This was a tough question to answer. I was visiting with the first-grade class taught by my then-girlfriend, who had introduced me to her students as “Farmer Josh” — and then thrust a large-ish cornsnake into my less-than-willing hands. The little ones crowded around me, and excitedly asked me questions about this miraculous creature, about which I unfortunately knew nothing. It was possible to bluff some expertise regarding the snake’s eating and grooming habits — but on the subject of its Jewishness, I was frankly stymied.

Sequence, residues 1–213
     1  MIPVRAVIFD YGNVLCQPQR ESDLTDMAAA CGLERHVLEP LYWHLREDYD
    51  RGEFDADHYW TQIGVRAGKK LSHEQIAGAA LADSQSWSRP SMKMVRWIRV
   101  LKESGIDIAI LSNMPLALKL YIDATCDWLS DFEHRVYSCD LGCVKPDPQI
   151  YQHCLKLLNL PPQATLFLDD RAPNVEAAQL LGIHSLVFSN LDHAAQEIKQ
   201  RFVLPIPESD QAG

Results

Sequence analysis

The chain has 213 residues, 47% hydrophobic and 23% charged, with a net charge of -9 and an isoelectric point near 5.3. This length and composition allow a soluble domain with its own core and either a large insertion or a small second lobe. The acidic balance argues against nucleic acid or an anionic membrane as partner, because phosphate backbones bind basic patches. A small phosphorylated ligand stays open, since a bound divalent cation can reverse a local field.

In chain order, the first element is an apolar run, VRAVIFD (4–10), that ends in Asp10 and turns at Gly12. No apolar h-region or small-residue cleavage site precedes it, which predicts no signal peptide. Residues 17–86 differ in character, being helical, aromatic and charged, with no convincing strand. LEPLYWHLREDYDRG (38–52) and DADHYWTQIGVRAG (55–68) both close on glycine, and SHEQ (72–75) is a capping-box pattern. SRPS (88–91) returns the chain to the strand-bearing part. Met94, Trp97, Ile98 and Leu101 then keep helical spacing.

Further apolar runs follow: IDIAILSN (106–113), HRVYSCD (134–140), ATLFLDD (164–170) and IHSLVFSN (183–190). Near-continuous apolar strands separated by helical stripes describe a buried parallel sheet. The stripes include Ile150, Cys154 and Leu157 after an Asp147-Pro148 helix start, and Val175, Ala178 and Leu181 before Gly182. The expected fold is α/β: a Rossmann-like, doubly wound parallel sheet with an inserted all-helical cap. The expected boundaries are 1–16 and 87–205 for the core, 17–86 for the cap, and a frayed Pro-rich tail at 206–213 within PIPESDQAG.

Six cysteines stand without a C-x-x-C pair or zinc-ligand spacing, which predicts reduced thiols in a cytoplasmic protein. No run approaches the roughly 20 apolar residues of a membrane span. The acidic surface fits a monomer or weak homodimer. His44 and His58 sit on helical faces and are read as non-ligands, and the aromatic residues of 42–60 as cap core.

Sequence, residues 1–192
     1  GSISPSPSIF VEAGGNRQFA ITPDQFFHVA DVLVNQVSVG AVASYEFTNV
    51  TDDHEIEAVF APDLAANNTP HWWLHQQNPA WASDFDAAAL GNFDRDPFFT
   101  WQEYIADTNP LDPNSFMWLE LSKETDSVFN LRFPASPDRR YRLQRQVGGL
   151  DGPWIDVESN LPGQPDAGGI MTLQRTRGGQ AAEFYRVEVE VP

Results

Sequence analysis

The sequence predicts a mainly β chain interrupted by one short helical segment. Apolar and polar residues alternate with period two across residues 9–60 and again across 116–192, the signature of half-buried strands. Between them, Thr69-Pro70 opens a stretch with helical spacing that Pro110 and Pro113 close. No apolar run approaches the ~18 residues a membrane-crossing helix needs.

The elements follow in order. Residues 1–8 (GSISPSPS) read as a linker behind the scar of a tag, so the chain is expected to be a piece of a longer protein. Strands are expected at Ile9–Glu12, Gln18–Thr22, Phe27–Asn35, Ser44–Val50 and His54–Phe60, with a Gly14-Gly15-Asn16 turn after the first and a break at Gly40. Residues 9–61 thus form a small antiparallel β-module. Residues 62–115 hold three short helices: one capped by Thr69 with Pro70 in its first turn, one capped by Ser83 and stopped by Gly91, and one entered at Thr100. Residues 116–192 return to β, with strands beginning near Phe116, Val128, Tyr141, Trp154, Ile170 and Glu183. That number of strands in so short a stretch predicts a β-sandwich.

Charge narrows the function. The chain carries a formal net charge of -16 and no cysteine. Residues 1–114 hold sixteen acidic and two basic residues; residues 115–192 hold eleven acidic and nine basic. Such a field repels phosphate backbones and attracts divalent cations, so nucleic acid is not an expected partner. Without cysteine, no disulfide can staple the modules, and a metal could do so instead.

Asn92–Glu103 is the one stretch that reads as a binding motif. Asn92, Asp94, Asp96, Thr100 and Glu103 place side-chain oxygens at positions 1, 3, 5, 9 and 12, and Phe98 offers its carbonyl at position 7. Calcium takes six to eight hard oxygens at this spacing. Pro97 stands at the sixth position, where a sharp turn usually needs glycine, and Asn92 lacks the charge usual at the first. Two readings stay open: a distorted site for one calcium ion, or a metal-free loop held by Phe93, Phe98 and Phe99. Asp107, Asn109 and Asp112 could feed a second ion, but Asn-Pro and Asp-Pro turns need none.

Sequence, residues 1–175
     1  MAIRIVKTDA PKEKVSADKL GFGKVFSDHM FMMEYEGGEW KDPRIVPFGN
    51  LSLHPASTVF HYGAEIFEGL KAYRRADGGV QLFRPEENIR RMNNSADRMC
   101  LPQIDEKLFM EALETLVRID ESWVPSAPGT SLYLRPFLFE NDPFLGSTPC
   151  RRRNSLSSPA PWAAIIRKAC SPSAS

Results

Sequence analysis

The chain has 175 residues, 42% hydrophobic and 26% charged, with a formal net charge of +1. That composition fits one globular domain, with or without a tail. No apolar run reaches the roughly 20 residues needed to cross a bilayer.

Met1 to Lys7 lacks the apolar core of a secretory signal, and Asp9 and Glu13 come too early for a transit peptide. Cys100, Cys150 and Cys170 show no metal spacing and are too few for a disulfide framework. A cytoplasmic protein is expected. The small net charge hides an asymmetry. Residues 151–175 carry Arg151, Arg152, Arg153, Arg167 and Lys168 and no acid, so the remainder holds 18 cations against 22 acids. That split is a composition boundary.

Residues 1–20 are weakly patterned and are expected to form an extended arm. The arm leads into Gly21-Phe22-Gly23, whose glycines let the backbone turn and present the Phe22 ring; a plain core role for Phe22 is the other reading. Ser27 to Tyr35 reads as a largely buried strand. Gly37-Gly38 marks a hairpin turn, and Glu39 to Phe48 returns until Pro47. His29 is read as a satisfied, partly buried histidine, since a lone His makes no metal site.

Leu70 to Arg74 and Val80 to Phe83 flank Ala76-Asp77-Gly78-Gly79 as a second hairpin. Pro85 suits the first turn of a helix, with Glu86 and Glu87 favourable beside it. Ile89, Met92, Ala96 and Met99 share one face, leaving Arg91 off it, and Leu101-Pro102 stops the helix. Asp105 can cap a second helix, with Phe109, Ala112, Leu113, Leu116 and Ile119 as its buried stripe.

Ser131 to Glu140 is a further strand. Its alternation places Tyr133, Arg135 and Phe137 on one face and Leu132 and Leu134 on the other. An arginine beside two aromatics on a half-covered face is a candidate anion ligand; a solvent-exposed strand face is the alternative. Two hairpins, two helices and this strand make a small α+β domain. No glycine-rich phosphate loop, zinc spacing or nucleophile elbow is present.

“Cornsnake” certainly sounded like a Jewish name — not so different from “Kornbluth,” really. Perhaps the Cornsnakes and the Kornbluths had even come from adjacent shtetls in the Old Country. And the animal did have an ambivalent air about it (another telltale sign of my people), alternately twisting around my wrist and trying to escape up a shirtsleeve. But was it descended from Abraham, or merely from a nondenominational, ethically challenged reptile in the Primeval Garden?
Kornbluth, Josh. 2011. Heaven's Snake. Tikkun 26(2): 48.